A small group of volunteers have taken it upon themselves to patrol Cave Junction. Most nights, they’re the only semblance of law enforcement. But Josephine County Sheriff Dave Daniels worries when they try to take things into their own hands, confronting suspected meth dealers and burglary suspects. “Someone’s going to get hurt,” Daniels said.
In March, a $4,000 radio went missing from a Rogue River Fire Department fire engine, and an anonymous caller said the radio might be returned “for the right amount of money.” The fire chief said he wasn’t going to respond to extortion.
With the unemployment rate now exceeding 7.2% in Josephine County, the biggest issue in this year’s election here is who can put people back to work. Many are betting it’s the businessman in the race, even if he’s a brash real estate mogul from New York whose chief previous contact with lumber was the veneered reception desks in his swank hotels.
Southwest Oregon is not a natural fit for a billionaire East Coaster, but neither are any of the other GOP candidates, particularly those running on a religious platform; Oregon is among the nation’s least church-going states.
Trump’s conviction that global trade deals are selling Americans short plays well with the independent streak that runs through Oregon Republican politics. Trump, many here believe, would never put up with letting the Western timber industry falter to protect endangered birds and owls.
“It’s a part of the world that sees itself as having been abandoned,” said Jim Moore, a political scientist at Pacific University outside Portland. “These were not Mitt Romney people; they did not vote for George W. Bush. They’ve latched on to Trump as they have latched on to other outside candidates. The difference is, he’s winning.”
What is left of the Rough & Ready workforce gathers slowly in a tiny meeting room at the mill on a sunny spring afternoon.
A couple of teenagers in sweatshirts thumb through their phones. A gray-haired health insurance agent stands in front next to a whiteboard, handing out packets titled “What am I likely eligible for?”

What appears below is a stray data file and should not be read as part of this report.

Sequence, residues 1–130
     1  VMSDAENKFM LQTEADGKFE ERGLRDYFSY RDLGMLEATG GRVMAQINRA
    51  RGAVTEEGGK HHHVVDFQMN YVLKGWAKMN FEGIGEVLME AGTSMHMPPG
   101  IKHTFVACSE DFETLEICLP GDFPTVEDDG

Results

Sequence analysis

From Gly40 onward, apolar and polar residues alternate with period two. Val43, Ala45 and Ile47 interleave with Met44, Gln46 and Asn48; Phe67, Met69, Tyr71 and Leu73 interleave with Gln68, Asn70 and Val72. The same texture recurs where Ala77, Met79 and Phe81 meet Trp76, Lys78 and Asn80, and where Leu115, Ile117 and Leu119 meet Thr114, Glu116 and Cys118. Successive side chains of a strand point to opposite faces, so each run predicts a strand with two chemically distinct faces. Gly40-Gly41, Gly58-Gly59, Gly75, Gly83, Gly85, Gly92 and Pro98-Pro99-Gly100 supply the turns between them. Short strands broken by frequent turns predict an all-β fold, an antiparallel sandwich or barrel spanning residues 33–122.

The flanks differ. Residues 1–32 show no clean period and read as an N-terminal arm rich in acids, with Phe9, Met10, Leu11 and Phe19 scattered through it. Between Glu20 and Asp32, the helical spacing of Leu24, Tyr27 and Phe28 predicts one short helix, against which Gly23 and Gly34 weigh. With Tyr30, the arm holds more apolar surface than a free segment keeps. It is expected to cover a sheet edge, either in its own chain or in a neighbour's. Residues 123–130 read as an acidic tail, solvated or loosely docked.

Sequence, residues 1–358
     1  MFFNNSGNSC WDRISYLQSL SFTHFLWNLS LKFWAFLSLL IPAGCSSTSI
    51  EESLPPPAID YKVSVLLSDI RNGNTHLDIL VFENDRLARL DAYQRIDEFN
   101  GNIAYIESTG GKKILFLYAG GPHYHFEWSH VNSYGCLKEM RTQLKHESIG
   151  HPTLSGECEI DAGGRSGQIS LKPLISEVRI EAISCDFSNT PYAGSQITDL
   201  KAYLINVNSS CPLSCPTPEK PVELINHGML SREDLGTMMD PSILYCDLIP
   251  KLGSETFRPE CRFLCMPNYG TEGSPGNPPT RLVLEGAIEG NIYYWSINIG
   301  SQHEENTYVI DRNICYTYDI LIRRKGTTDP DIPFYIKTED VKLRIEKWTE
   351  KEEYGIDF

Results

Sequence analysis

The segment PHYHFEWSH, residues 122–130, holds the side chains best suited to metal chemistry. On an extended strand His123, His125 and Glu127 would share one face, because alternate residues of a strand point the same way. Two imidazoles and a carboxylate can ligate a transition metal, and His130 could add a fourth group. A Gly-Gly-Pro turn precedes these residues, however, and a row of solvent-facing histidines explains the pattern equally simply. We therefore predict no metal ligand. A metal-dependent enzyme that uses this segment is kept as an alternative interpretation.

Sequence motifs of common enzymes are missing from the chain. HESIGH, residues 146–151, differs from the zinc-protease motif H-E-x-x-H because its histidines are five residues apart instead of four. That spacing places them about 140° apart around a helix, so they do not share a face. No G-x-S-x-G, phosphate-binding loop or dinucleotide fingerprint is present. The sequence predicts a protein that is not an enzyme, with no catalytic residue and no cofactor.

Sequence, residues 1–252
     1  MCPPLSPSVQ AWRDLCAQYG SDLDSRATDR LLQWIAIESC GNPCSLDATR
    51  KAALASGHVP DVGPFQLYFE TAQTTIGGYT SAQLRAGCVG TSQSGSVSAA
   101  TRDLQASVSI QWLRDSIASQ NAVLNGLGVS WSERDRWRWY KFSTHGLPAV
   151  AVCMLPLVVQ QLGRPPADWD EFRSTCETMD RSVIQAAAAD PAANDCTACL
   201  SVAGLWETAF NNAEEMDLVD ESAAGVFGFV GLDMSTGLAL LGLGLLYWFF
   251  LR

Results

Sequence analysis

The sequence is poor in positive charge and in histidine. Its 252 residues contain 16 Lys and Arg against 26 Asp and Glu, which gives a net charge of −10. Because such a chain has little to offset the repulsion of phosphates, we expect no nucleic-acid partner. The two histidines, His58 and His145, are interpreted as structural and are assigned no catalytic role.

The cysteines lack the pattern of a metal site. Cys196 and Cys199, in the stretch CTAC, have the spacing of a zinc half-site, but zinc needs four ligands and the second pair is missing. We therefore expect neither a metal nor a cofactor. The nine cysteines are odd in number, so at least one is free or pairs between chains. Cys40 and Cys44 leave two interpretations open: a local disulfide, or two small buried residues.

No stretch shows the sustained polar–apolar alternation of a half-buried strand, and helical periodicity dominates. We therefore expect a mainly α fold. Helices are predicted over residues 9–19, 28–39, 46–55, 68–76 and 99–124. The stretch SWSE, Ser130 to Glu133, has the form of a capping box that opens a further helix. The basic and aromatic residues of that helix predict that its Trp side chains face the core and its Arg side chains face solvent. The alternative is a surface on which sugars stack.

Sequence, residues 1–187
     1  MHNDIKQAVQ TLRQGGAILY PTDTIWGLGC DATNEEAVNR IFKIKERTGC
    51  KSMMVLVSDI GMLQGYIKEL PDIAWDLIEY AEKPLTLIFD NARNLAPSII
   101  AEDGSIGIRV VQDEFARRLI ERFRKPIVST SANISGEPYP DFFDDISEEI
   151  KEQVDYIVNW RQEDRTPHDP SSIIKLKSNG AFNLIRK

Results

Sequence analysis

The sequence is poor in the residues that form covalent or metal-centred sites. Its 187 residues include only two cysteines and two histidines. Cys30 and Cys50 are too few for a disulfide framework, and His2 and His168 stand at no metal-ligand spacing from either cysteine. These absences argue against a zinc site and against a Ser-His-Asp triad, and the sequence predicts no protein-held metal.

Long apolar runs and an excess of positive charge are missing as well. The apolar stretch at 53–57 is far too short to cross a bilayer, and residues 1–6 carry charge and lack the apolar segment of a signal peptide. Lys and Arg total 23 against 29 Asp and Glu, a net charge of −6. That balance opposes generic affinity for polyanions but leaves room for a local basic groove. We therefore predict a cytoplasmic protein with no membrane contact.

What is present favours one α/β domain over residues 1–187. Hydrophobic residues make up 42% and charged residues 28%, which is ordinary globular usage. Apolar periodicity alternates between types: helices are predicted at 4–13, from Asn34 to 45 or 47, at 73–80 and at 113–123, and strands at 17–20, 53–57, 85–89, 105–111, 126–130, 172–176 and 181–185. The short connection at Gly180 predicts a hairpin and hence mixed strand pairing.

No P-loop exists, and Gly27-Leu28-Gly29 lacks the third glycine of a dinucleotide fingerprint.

Carol arrives two minutes before 3 p.m. and takes a seat near the front. She traces her finger over the front page of the packet, which lists monetary amounts for public assistance programs, including health insurance, based on family size.
A representative of Rogue Workforce Development, the local unemployment office, tells the assembled workers not to wait for the Trade Act or think of it as their only hope.
“Don’t hesitate,” he says. “If you see something in another sector, take it.”
But the jobs they are qualified for, without new training, are few. Mill employees are a specialized workforce, Keven’s brother Dave Frokemke explains. They are masters of the craft of “turning logs into boards.” After that, someone else has to “make the boards into stuff.”
As a saw filer, Keven was trained to keep the band saws sized to an exact standard; done incorrectly, it could cost other men their lives. But who needs this now?
The two brothers have come ambling into the meeting room 10 minutes late, grinning, in cut-off T-shirts. Keven shakes hands with the mill’s owners, Jennifer and Linc Phillippi, and lowers himself into a seat near the whiteboard.
The insurance presentation drones on. Carol is carefully taking notes. Keven spies a small pile of Ghirardelli chocolates, picks off two and begins loudly unwrapping them. The teenagers at the back of the room smirk.
Insurance agent Mary Reynolds tells them about health insurance options, including the pricey insurance available under the Consolidated Omnibus Budget Reconciliation Act, or COBRA, offered to workers who have lost or changed jobs.
Finally, it’s time for questions. Keven raises his meaty, maimed right hand.
“How’s anybody supposed to pay for COBRA?” he asks.
“Well, it’s just the first option,” Reynolds replies.
He tells the room, in three well-chosen words, what he thinks of their offers of help. Dave rises too. They walk out together, followed by the teenagers in the back. Five middle-aged former millworkers exchange uneasy glances. Carol ignores the commotion and continues taking notes.
“You guys are missing the point about help,” Reynolds calls after them.
“Health insurance people are full of …,” Jones shouts back as he makes his way down the hallway.
Several seconds of silence ensue. Then the five middle-aged millworkers stand up and leave.